Cracking ‘Big Data’ and the New Game Changing Techniques

In the age of digital everything, the volume of data collected is growing exponentially every year. From customer data to business transactions to stock purchases and sales and legal citations, oversized databases are a problem in many industries. What makes it more complicated is that ‘big data’ can often provide incredibly valuable information when it is analyzed as a whole.

Breaking larger data sets into smaller subsets is certainly an option, but it does not always provide the same benefit, especially when trying to make the best possible decisions for your business.

Limitations of Data Sets

Today, there are limitations on data ranging between petabytes and zettabytes depending on the type of data and the technology being used to analyze that data. In many situations, these limits are surpassed quickly due to the raw volume of data collected by scientists, analysts and economists in different fields which make it hard to complete complex analysis without finding creative ways to display and analyze that data.

Fortunately, technology is advancing nearly as fast as our capacity to fill it up and there are new software methods to analyze big data sets – parallel software installed on dozens or even hundreds (sometimes thousands) of servers, processing immense numbers of data at once. Data management is a simple enough process when implemented properly as part of your business’s expansion plan – it is really a matter of knowing when you need it without necessarily making comparisons to other industries.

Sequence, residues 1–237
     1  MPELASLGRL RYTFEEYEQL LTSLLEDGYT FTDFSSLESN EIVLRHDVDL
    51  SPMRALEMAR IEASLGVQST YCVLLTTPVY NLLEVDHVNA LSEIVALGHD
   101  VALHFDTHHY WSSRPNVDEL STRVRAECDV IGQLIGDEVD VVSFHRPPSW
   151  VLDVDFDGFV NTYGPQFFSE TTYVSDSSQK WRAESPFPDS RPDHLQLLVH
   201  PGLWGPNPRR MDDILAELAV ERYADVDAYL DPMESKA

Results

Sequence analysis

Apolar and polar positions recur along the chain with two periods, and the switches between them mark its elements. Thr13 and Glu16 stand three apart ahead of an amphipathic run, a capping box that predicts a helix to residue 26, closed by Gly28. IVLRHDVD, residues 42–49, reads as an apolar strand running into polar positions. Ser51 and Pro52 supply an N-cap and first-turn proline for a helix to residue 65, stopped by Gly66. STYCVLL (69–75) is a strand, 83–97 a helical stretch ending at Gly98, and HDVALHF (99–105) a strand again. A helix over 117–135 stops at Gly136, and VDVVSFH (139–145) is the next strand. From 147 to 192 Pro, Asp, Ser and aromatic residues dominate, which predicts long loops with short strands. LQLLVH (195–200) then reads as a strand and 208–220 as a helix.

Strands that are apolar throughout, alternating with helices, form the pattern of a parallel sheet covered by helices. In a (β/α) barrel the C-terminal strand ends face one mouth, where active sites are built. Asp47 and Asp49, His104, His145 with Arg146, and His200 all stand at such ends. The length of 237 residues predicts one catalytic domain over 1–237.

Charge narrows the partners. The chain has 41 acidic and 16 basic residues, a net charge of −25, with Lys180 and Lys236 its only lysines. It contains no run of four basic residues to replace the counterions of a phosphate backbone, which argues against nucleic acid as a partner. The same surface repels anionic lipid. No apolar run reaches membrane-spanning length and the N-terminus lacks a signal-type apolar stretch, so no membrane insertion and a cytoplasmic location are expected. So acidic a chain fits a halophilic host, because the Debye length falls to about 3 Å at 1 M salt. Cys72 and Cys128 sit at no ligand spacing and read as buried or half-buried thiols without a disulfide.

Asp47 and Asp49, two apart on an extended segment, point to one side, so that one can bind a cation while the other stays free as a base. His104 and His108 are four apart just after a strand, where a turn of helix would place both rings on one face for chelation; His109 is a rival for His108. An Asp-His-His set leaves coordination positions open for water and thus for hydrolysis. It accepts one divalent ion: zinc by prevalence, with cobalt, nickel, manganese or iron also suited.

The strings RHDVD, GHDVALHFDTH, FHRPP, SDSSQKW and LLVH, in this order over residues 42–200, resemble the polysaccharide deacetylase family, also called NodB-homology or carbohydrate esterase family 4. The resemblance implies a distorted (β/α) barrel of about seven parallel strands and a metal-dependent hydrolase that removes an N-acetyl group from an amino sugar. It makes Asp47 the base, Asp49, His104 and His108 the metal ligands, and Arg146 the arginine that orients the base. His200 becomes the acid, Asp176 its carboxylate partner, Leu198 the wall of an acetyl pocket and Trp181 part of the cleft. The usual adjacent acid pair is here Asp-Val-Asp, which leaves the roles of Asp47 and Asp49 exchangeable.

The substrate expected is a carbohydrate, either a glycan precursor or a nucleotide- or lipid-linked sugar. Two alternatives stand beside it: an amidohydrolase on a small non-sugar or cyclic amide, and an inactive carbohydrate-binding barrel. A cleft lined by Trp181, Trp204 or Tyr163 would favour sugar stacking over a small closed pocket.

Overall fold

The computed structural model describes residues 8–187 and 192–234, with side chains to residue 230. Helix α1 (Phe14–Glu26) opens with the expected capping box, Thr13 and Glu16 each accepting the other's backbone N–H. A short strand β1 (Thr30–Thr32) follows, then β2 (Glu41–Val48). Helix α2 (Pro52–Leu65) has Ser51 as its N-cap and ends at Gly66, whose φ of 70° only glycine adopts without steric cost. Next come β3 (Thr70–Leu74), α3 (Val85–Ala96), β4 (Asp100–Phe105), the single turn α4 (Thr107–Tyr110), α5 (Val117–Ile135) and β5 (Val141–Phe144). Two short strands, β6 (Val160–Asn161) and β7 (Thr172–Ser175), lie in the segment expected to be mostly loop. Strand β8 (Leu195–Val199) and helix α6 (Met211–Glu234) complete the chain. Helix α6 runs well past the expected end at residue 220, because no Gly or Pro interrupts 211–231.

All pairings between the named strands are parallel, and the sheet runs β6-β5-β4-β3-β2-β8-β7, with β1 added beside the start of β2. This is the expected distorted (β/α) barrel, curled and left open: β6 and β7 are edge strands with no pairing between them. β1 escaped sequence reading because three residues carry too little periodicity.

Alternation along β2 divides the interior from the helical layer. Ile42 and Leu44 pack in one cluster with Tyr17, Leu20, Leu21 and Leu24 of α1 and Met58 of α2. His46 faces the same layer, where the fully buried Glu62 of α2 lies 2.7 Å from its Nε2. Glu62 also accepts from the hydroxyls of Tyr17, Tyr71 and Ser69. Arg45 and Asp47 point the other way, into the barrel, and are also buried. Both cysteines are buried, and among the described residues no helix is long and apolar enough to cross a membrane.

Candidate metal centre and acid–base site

Processing and Using Big Data

So, if the standard methods of data analysis do not always work for your business, there are other technologies growing in popularity to do so. Simple analysis can be done with:

A/B Testing: Running data through similar conditions and testing for variation can be an immensely effective way to measure differences between those data points.

Association Rule Learning: This is incredibly popular and works well in large data sets. It takes correlating pieces of data and shows likely results. A common example is {onions, potatoes} => {steak}. So, those who often bought both onions and potatoes were more likely to buy steak. Such correlations can be found in large data sets but also must be coaxed out by an experienced analyst.

Cluster Analysis: Cluster analysis involves grouping data points into “like” groups and then analyzing those groups. In many cases, breaking down large data sets into smaller groups can be an effective way to analyze them.

Natural Language Processing: Modern machine learning algorithms are incredibly powerful and it allows computers to extract more information than ever before, such as is the case with IBM’s most recent super computer – Watson.

There is a lot more including regression, predictive modeling, signal processing, visualization, simulation and much more. The idea behind each of these is simple – generate a new, creative way to display and process data in a massive set that does not require a billion dollar super computer. It takes a bit of creativity and some advanced technical capacity, but it is feasible and increasingly effective for those super-sized data sets.

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